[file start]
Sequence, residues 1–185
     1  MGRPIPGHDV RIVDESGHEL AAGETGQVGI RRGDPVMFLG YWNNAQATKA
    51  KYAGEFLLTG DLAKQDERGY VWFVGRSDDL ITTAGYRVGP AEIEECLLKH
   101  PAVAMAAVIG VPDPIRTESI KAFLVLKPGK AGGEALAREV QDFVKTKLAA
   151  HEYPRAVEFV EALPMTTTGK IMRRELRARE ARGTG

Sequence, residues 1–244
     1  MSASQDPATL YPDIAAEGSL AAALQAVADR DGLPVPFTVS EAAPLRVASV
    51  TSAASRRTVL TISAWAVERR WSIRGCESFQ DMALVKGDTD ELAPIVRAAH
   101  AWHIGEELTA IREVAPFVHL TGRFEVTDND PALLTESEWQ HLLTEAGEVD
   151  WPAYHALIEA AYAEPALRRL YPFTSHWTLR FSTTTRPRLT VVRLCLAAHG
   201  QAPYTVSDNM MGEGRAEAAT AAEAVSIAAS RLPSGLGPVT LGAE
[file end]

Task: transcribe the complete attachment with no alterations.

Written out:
Sequence, residues 1–185
     1  MGRPIPGHDV RIVDESGHEL AAGETGQVGI RRGDPVMFLG YWNNAQATKA
    51  KYAGEFLLTG DLAKQDERGY VWFVGRSDDL ITTAGYRVGP AEIEECLLKH
   101  PAVAMAAVIG VPDPIRTESI KAFLVLKPGK AGGEALAREV QDFVKTKLAA
   151  HEYPRAVEFV EALPMTTTGK IMRRELRARE ARGTG

Sequence, residues 1–244
     1  MSASQDPATL YPDIAAEGSL AAALQAVADR DGLPVPFTVS EAAPLRVASV
    51  TSAASRRTVL TISAWAVERR WSIRGCESFQ DMALVKGDTD ELAPIVRAAH
   101  AWHIGEELTA IREVAPFVHL TGRFEVTDND PALLTESEWQ HLLTEAGEVD
   151  WPAYHALIEA AYAEPALRRL YPFTSHWTLR FSTTTRPRLT VVRLCLAAHG
   201  QAPYTVSDNM MGEGRAEAAT AAEAVSIAAS RLPSGLGPVT LGAE